HE News Brief 01.2.11

by Abby Chau

  • The Ukraine Education Minister Dmitriy Tabachnyk recently criticised the higher education system as inefficient and that the 1000 universities in the country are too many for a population of 45 million. Tabachnyk said that institutions should be more regulated and mergers of smaller universities would help alleviate the problem. This announcement comes as students protested a new higher education law which would reduce the number of places at universities as well as a planned reduction of funding for student government.
    Full Story: RIA Novosti
    More: Interfax

  • Despite budget cuts and tuition fee hikes, the UK government is pressing on with their policy of tighter visa restrictions. Business schools are reacting to a plan that would disallow graduates from working in the country. Previously graduates were able to apply for a post-study visa which would allow them to work in the UK for up to two years. The government is planning to cancel the post-study visa in April 2011. In 2009, 38,000 visas were issued under this category. At the moment, the UK is the second most popular destination for international students. Policy makers in Europe are looking at positioning itself as a higher education destination as the UK falls out of favour with international students, and particularly, MBA graduates.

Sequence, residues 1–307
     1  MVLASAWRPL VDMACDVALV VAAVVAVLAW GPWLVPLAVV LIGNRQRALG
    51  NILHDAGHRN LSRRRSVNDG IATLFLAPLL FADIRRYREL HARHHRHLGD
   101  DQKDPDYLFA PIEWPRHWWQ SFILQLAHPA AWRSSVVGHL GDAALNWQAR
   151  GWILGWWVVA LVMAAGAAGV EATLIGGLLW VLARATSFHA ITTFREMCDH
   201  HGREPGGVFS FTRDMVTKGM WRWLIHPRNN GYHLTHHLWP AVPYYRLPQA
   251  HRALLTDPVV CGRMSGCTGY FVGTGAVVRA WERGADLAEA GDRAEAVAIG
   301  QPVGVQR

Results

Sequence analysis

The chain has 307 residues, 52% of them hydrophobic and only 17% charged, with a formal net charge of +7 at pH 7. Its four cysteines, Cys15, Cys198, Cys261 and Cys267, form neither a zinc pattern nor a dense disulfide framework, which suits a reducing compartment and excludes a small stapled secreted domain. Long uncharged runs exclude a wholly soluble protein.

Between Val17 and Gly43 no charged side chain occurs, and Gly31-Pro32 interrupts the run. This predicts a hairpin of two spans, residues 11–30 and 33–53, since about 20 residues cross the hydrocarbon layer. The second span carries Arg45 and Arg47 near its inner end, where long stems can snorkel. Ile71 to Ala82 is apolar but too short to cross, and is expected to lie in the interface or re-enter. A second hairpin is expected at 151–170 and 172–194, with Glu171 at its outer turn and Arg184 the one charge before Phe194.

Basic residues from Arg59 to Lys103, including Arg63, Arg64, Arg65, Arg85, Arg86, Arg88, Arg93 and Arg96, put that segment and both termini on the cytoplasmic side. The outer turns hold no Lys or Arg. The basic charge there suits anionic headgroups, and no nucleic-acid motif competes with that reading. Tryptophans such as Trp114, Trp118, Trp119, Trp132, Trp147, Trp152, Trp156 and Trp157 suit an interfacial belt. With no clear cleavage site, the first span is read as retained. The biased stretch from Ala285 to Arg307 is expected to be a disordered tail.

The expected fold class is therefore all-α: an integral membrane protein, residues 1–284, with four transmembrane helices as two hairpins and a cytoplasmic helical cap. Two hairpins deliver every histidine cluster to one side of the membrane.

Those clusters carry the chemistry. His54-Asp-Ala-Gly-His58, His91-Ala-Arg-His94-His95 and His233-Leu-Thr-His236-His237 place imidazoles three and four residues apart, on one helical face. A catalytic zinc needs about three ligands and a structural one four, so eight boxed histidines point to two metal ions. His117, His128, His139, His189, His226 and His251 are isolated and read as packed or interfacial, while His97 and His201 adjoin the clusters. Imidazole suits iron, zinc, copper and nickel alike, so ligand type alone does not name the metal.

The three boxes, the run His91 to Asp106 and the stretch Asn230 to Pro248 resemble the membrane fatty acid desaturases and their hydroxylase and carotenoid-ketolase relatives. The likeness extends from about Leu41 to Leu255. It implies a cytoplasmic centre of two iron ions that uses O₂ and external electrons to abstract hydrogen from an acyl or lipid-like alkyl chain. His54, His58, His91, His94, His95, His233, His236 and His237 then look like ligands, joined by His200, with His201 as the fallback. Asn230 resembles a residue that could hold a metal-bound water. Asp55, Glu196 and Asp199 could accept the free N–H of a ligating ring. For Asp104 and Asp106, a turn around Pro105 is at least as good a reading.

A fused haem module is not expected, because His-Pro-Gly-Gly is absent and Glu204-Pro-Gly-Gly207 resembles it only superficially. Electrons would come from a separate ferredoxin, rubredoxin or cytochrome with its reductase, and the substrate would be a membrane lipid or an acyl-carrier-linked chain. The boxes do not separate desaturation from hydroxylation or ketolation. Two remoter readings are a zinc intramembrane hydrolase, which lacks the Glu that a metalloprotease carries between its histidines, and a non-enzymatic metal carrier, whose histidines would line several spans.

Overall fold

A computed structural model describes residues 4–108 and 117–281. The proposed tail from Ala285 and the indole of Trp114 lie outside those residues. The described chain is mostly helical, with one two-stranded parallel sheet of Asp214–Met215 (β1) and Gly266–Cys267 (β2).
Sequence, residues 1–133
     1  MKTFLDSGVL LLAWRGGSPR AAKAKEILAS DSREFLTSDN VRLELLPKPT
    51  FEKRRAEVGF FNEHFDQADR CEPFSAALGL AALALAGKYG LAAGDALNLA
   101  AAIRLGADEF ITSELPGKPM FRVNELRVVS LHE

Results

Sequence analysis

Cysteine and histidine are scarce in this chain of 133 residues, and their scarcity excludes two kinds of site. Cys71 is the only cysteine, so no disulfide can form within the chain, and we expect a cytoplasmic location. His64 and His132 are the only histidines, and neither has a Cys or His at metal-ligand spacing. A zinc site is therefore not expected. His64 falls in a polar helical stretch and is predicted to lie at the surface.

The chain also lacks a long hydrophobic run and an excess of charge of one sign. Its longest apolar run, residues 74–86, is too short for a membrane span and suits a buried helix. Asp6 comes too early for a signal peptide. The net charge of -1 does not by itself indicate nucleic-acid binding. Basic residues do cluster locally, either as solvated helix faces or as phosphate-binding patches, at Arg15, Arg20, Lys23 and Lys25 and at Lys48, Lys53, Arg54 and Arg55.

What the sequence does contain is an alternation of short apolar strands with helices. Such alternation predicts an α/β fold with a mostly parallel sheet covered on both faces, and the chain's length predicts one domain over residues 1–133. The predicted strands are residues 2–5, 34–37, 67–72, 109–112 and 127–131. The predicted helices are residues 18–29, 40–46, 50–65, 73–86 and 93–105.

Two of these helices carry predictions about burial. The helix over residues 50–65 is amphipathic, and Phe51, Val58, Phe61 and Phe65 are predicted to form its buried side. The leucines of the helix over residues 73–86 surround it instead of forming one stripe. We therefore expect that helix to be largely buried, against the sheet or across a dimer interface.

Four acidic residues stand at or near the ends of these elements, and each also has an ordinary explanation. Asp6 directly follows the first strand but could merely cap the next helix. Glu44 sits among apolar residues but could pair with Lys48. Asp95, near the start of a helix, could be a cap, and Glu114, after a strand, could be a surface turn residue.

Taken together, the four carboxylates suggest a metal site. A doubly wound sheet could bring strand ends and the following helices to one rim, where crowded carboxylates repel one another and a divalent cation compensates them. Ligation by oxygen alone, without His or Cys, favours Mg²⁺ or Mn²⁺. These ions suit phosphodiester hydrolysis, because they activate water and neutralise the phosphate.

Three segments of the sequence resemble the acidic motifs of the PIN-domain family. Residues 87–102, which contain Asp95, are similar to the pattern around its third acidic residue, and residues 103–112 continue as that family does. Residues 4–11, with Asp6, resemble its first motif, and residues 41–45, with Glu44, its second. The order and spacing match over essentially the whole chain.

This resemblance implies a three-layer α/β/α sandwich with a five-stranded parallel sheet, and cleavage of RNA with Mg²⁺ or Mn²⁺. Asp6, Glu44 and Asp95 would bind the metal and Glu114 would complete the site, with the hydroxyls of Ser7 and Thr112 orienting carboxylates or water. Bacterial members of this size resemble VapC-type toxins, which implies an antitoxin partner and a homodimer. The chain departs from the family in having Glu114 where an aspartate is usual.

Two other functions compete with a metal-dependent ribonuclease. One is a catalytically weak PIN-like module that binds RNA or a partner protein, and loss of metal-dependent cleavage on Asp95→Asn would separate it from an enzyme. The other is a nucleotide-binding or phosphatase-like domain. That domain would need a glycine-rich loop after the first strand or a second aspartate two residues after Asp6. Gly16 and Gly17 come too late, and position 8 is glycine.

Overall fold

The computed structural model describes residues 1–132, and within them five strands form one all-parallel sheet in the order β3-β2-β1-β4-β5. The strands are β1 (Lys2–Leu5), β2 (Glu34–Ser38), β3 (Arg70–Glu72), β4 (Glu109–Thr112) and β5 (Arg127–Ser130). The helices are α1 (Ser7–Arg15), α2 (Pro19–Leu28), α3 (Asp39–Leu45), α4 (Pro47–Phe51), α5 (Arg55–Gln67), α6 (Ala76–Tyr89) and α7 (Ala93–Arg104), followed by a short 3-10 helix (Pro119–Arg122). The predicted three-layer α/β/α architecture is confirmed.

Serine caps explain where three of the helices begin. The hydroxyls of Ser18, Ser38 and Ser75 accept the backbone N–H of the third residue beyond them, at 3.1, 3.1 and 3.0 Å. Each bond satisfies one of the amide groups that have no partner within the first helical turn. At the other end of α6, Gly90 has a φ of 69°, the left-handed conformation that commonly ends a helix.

Full Story: FT
  • A new rankings of Australian universities purely based on research has recently been released. The ratings table was compiled by the Australian newspaper and utilises findings released by the Excellence in Research in Australia report which analyzes 41 higher education institutions. The Australian National University topped the charts, followed closely by the University of Melbourne. The results are more crucial to universities than meets the eye as the findings from the report will be used to allocate 1.5 billion dollars of research grants in 2012.
    Full Story: The Australian
  • Hong Kong is bracing itself for one of the largest transformations the country has seen in higher education. Starting in 2012, universities are planning to expand their undergraduate degrees from three to four years. Students will be in high school for a shorter period of time in order to make up for the extra year. This approach is an attempt to mirror universities in the states, which often requires a year of general studies as a prerequisite for graduation. 30,000 students will be affected by this and universities are working around the clock in order to expand facilities and recruit more professors.
    Full Story:  New York Times

  • Vietnamese universities may open their doors to foreign students in a controversial initiative which would exempt international students from sitting for entrance examinations. The hallmark of admissions, examinations are required for Vietnamese students who vie for places at universities. This proposal has caused an outcry by Vietnamese students who says that it is unfair that they must sit for exams while foreign students do not need to meet the requirement.
    Full Story: Viet Nam News

  • A new report by the Nacubo-Commonfund Study of Endowments has announced that in 2010, universities saw a slight return on their endowments, which marked the first time since 2007. In 2009, endowments dipped 18.7%. With shrinking endowments year on year, universities will find it difficult to weather through the financial instability currently plaguing many state budgets. For example, the median endowment in 2009 was 88 million dollars. In 2010, this dropped to under 73 million dollars. Coupled with budget cuts and stimulus money running out, universities will have a tough battle ahead.
    Full Story:  Chronicle of Higher Education
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